Caitlin Clark ‘hungry’ to script storybook Iowa ending in March Madness Final Four

CLEVELAND — Her star has captured more attention than any total solar eclipse. But now, on the biggest and brightest stage beginning on Friday night against Paige Bueckers and UConn, Caitlin Clark is a woman on a mission.

Two games to win.

Go win them.

Go honor your greatness.

Go beat UConn in the Final Four semifinal and go beat the South Carolina-N.C. State winner Sunday afternoon and cut down the net inside Rocket Mortgage Fieldhouse as a champion, one year after the confetti fell on Angel Reese and LSU.

She has seen it all in her dreams.

“I think visualization is a huge part of what we do, and that’s something Coach [Lisa] Bluder always talks about is like see yourself where you want to be, see yourself being successful, see yourself accomplishing your goals,” Clark said.

“I don’t think I need much more motivation than being at the Final Four and extending my career, like absolutely I’m hungry.”

Caitlin Clark and Iowa can inch closer to a national championship with a win against UConn on Friday. USA TODAY Sports

Hungry for a storybook ending for the ages.

“I think if you can win a national championship to end your college career, you can’t really script it any better,” Clark said.

She couldn’t have scripted her rise to the top of women’s college basketball as a supernova icon either. She references the handwritten “Pressure is a Privilege” Billie Jean King quote that is framed in the Iowa locker room.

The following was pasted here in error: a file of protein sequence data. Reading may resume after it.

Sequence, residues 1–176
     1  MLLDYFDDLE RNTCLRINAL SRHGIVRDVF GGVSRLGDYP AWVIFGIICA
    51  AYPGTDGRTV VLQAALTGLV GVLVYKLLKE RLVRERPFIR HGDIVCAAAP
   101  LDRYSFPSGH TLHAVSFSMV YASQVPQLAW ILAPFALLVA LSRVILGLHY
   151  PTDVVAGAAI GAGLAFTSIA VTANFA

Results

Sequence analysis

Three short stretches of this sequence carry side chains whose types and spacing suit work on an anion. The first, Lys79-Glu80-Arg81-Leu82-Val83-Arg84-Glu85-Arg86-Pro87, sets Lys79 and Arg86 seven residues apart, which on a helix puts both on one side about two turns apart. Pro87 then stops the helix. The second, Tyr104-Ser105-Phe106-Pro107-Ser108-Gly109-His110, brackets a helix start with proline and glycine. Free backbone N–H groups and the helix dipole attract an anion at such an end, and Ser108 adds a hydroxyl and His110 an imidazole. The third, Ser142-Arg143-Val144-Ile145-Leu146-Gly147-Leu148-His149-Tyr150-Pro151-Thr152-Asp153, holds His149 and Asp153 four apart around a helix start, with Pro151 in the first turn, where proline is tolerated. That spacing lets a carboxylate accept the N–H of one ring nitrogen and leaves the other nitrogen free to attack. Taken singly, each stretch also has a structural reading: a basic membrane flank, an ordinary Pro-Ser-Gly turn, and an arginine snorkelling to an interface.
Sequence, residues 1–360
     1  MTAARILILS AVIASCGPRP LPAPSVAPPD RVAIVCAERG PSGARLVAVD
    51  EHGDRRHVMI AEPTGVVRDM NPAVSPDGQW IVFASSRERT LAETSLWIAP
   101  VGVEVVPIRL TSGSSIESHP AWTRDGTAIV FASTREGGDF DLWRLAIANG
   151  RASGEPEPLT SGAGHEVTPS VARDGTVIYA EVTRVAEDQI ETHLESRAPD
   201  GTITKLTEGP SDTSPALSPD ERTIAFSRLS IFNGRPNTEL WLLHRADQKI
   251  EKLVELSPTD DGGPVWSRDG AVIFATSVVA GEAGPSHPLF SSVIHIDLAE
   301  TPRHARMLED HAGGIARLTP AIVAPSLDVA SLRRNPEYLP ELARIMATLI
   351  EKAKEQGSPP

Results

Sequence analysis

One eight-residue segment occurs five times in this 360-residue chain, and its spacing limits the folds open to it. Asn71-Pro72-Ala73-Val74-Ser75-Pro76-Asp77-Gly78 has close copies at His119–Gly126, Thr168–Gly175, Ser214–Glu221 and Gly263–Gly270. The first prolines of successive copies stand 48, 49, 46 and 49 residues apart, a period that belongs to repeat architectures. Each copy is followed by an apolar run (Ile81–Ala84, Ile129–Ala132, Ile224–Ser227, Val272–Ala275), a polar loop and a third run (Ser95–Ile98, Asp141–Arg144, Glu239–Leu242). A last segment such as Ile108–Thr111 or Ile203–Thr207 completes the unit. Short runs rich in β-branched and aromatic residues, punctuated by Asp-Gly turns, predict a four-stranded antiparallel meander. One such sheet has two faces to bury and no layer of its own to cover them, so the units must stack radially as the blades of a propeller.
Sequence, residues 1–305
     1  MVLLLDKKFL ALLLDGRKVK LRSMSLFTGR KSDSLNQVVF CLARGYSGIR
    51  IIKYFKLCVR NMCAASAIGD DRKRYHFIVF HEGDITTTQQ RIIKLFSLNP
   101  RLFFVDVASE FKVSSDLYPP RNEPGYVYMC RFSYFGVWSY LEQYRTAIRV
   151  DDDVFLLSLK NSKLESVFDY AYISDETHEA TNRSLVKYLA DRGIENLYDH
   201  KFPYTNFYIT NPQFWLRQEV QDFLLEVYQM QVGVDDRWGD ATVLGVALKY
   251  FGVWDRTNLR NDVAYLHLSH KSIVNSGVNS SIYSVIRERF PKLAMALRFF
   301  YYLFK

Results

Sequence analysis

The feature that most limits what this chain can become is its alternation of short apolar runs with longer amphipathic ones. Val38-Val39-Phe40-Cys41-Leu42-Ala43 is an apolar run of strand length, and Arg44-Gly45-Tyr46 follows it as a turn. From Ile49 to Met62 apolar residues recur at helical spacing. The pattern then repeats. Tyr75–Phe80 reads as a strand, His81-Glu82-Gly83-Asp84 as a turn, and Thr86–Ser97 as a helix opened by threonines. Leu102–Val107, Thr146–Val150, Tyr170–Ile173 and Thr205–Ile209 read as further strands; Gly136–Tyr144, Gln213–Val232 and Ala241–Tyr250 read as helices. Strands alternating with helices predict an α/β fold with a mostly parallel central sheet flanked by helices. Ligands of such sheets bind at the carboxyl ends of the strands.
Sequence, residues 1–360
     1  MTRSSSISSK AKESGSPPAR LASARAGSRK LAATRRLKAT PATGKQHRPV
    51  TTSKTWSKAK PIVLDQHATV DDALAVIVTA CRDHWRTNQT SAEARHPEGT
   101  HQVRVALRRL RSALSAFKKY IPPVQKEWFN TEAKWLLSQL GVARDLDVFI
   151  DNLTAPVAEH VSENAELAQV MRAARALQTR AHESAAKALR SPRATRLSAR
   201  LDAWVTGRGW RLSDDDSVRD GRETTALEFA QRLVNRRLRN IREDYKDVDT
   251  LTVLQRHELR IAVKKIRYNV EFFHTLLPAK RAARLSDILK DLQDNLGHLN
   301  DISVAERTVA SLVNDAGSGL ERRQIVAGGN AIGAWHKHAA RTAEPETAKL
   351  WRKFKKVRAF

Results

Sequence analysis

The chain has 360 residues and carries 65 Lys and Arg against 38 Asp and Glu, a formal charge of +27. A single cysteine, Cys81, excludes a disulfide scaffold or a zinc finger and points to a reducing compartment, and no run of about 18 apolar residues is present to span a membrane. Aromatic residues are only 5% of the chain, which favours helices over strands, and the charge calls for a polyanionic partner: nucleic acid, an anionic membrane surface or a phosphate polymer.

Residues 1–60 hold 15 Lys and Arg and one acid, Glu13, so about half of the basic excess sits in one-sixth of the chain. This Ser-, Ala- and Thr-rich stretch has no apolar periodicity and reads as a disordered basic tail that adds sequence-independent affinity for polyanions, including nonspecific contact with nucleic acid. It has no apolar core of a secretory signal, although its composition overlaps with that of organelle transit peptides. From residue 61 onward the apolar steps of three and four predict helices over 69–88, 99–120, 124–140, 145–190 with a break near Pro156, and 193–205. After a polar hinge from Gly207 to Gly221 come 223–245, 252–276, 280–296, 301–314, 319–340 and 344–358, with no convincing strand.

“Whether you want to act like the pressure is there or not, like it just is, that’s just the flat-out point,” Clark said. “I think that’s something I’ve just accepted. I go about my business every single day, like I don’t really feel the pressure.”

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“I know I’ve prepared for these moments, I know I’ve put in the work for these moments so you go out there and just let your work shine. It’s never like ‘What if’s?’ in my head, like I know I’m ready for this moment and then win or lose, that’s what it was meant to be.”

The impact of her genius has infused her teammates with a similar belief. She hasn’t lost any sleep over legendary UConn Coach Geno Auriemma not recruiting her.

“Nobody on our team is like afraid of this moment, we know we should be in this moment,” Clark said. “Every young girl all across the United States is like, ‘What team do you watch?’ Everybody says UConn, like that’s just how it is.”

Caitlin Clark celebrates during Iowa’s Elite Eight win against LSU. Getty Images

Plenty still say UConn. Plenty today say Iowa. Because of Clark.

In many precincts outside of UConn country and South Carolina and North Carolina State, a mesmerized army of Caitlin Clark wannabes — young girls and boys — who can let their basketball imagination run wild about all the possibilities now will be cheering her on. More than a few will be leading with their mothers or fathers to stay up past the 9:30 p.m. tipoff time. More than anyone, she has made women’s college basketball such must-watch television that a staggering 12.3 million viewers were glued to Iowa’s Elite Eight win on Monday night over Reese and LSU.

She is magic, fearlessly drilling logo 3s from West Des Moines when she isn’t Magic, a fancy passer but no passing fancy.